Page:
Philomath appeared to play with a sense of urgency after falling behind 1-0.
“We felt panicked … it definitely wasn’t comfortable,” Aynes said. “But you know, it was the same thing in our last game and we put that away so I think we knew we could do it.”
The Warriors thought they had tied the game midway through the second half. On the play, Aynes threw the ball in, which Hidden Valley headed into the direction of junior Seth Arthurs. Arthurs kicked the ball toward the net and it bounced in front of the goalkeeper while Grimmer sprinted in. The ball went into the goal and then hit the inside part of the crossbar after a Hidden Valley player kicked it out.
After a quick meeting, the officials ruled that it was not a goal. Ellis said he believes the assistant referee was out of position and just didn’t see it. The call loomed large at the time but in the end, it didn’t matter.
Grimmer nearly scored in the 52nd minute with an opportunity from about 5 yards but the ball missed to the left. But he later took advantage of the penalty kick chance to tie the game — that occurring 4 minutes after he re-entered the game after being forced off by a yellow card.
Said Grimmer, “I think that having that energy and having that discipline to be able to continue fighting through everything is really what helped us win.”
Philomath had momentum from that point, although Hidden Valley nearly won it in the final few seconds of the second overtime. Junior Cody King came up with a game-saving play in the final seconds of the second overtime when Hidden Valley threatened.
“Cody saved us with like 5 seconds left, sliding in and hurting himself just to keep us in the game so we could make it to PKs and ultimately win the game,” Benbow said.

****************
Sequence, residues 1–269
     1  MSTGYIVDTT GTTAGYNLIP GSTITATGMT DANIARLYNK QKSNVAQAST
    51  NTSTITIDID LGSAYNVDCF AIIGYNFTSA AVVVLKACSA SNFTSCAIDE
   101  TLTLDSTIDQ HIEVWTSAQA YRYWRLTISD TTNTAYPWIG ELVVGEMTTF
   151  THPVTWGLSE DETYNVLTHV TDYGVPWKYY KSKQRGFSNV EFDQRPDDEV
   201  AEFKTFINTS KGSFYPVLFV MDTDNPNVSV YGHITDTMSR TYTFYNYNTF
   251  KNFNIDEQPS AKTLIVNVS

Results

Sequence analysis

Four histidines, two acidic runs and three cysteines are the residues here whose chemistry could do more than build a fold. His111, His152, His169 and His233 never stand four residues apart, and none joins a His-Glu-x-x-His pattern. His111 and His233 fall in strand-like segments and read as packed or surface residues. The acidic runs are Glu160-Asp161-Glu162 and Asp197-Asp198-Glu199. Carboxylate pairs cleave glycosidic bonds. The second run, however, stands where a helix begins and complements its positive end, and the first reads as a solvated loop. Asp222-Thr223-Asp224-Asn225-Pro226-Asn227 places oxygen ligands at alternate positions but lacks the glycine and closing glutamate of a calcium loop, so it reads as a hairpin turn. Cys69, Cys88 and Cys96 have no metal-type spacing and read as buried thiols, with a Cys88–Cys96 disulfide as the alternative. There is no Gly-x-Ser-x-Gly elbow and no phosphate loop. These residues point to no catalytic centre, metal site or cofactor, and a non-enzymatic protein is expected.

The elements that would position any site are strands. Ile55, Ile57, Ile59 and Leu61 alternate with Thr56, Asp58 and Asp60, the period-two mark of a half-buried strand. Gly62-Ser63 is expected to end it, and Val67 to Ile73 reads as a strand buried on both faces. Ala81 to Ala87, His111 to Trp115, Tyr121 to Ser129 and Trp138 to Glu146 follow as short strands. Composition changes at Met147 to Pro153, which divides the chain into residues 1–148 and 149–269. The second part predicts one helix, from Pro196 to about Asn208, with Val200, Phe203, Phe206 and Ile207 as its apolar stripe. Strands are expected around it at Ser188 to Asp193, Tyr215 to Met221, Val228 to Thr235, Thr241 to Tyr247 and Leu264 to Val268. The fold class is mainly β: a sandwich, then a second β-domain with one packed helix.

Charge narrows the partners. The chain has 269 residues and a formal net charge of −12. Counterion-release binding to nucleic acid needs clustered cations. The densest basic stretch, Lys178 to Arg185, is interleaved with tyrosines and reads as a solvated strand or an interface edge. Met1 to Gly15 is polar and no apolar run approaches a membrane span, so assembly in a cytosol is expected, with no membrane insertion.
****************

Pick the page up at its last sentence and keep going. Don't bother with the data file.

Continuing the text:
Pindell believes teamwork played the biggest role in Philomath’s winning of the state title.
“If somebody messes up, you’re told what you need to do to correct it but you’re not scolded,” said Pindell, giving an example. “Once you get told, you improve, and that makes you better as a whole team.”
Coach thinks of last 4 years
Ellis spoke from his heart following the game as he collected his thoughts.
“What’s going through my head is the last four years of being here and all I’ve lost,” he said. “I lost both my parents and a year of my kids in school and everything else and you know, I’m happy for those boys … they lost a year,,” Ellis said. “I’m happy for all the players that I’ve coached before that didn’t get this respect.”
Ellis mentioned names of top players from his past teams that meant a lot to the program — many of them in Hillsboro Saturday to watch the Warriors.
“The little part I played in it — I’m happy I could do it for the boys who are here and for the boys who aren’t here,” he added. “It’s a profound moment.”
Ellis took over as Philomath High’s head coach in 2018 with a freshman class that included Grimmer, Bell, Aynes and Pindell. Grimmer immediately showed the type of skills that would lead to great things and Aynes showed that he could contribute at a varsity level.
They all improved through high school with Bell and Pindell taking the biggest leaps on what they could accomplish on the pitch.